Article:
July 13, 2016
India’s brutal dog meat trade exposed as Humane Society International launches campaign to end "Nagaland Nightmare"
Shocking video footage of dog meat death pits in Nagaland, India has been newly released by Humane Society International as the animal group launches a major new campaign to end India’s brutal and illegal dog meat trade. With China’s infamous Yulin dog meat festival just finished, and South Korea’s month-long ‘Bok Nal’ days of dog meat eating beginning this weekend, HSI/India reveals that India too has a hidden and cruel trade of dogs for human consumption, despite the practice being illegal. In the northern state of Nagaland, HSI/India estimates that more than 30,000 stray and stolen pets are smuggled every year where they are sold in live markets and beaten to death with wooden clubs.
HSI/India has written to the Chief Minister of Nagaland to urge the government to implement the existing ban on dog meat consumption, patrol trade routes and shut down markets. The organization also launched an online petition calling on the authorities to enforce the dog meat ban immediately. HSI is encouraged by reports that the Nagaland government sent a letter to the Municipal Affairs department regarding a policy to stop the capture and slaughter of dogs. However, as a ban against this trade already exists, but is being ignored, HSI/India would like to see real and urgent action.
The disturbing footage, taken at local markets in Kohima and Dimapur, show that the laws are being blatantly flouted with dogs packed in sacks with just their heads poking out, their mouth either stitched closed or bound tight with rope to keep them quiet, which is done to illegally smuggle them into Nagaland from neighbouring states. During transport and display in the markets, they are denied movement, food or water, before finally being clubbed to death. HSI/India gained unique access to one underground ‘death pit’ where dogs were seen being clubbed to death in front of each other, beaten multiple times in protracted and painful deaths. Most dogs were beaten several times before dying.
HSI/India’s managing director, N. G Jayasimha, who witnessed the killing, said, “It has been a heart-breaking experience to go to Nagaland and watch these terrified dogs being subjected to such a horrific death. I see animal suffering every day as part of my job at Humane Society International/India, but the brutal dog trade of Nagaland is some of the worst inhumanity to animals I have ever witnessed, and it still haunts me. The underground pit in Kohima where we filmed was like a nightmare. The look of helplessness and fear in the eyes of these animals was devastating: hog-tied in a bag unable to move, their muzzles tied shut so they could hardly breathe, witnessing other dogs around them being beaten and killed. It was clear to me that many of the dogs were stolen pets still wearing their collars, but whether street or pet dogs, none of these animals should ever have to ensure such cruelty. This further reiterates the need for India to have stronger animal protection laws because even this brutal clubbing of a dog would only cost the killer a Rs 50 fine. In launching our campaign today, HSI/India is determined to end this trade, starting with working with the authorities to see that the ban is properly enforced.”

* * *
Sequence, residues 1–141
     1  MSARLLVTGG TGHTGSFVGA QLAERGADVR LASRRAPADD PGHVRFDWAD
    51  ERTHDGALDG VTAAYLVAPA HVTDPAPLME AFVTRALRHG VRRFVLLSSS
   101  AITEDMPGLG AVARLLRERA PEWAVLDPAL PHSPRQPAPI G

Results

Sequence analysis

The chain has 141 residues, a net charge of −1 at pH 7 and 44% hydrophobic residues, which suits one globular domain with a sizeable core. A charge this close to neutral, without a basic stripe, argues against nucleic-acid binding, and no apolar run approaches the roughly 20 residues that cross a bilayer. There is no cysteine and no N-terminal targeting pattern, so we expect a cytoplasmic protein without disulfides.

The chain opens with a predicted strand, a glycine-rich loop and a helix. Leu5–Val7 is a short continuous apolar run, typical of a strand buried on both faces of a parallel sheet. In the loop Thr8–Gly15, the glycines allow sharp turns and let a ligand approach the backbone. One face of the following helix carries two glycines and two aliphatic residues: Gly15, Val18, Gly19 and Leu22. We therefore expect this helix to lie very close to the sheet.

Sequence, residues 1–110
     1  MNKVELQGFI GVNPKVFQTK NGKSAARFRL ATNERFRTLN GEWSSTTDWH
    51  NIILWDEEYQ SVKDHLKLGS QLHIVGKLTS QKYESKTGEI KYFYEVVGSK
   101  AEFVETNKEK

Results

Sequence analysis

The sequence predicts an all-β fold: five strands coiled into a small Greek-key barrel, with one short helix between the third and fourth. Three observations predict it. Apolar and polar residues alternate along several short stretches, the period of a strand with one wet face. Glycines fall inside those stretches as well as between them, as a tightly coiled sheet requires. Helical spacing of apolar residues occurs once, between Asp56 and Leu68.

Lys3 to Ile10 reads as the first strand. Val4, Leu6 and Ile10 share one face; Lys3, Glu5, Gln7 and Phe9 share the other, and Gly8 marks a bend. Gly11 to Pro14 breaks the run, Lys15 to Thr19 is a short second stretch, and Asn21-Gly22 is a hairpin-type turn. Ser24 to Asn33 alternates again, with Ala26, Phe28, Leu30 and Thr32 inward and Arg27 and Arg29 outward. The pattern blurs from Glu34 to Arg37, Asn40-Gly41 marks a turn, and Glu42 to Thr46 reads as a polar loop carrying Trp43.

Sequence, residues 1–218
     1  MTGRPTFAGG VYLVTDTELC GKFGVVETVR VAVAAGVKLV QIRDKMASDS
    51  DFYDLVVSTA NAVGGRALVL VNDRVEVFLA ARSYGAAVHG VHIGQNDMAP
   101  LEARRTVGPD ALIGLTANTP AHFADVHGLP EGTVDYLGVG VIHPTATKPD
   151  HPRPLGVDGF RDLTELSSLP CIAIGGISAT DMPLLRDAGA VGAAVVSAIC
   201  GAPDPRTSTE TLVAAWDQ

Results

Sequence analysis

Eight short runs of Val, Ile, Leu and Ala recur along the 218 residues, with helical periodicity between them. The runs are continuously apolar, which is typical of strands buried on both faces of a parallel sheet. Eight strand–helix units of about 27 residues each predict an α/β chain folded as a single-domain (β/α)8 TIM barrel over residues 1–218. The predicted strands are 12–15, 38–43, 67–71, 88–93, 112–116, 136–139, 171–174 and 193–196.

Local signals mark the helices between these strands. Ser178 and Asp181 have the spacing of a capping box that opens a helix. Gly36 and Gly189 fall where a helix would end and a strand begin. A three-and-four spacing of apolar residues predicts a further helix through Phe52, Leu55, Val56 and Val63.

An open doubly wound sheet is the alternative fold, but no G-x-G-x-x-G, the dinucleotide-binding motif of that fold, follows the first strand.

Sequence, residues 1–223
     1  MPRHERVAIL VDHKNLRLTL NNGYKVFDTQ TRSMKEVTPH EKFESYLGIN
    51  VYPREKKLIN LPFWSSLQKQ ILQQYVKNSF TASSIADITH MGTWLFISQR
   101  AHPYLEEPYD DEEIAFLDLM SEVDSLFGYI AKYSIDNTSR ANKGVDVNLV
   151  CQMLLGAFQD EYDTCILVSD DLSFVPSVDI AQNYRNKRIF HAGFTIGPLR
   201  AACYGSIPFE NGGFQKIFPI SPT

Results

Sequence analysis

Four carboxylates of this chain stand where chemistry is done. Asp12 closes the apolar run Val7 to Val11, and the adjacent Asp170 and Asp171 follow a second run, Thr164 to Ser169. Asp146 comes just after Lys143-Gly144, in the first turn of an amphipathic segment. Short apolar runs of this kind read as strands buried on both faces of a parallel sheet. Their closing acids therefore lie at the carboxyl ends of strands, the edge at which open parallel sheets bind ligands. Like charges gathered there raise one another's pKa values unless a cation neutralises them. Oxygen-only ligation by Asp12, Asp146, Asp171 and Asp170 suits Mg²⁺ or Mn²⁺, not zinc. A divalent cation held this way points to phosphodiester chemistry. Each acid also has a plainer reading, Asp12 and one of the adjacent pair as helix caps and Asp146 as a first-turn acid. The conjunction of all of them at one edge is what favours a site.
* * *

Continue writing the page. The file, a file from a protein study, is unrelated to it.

The consumption of dog meat is already against the law in India, contravening the country’s food safety regulations. The cruel transport and treatment of animals also violates animal transportation provisions and the Prevention of Cruelty to Animals Act, 1960. However, these provisions are being openly ignored by the traders and the local authorities are failing to implement the law in Nagaland state. Dog meat is considered taboo in India except in Nagaland and few other north eastern states where some people think it is healthy.
Across Asia an estimated 30 million dogs are killed annually for human consumption, with the trade most prevalent in China, South Korea, Vietnam, the Philippines, Thailand, Laos, and Cambodia. HSI is one of the leading organizations in the world working to end the cruel dog meat trade, and public education about the cruelty involved plays a key part of the strategy. Support from government and local community can play a significant role in ending the misery these dogs endure in the dog meat trade.
Media Contact: Navamita Mukherjee, firstname.lastname@example.org, 91-9985472760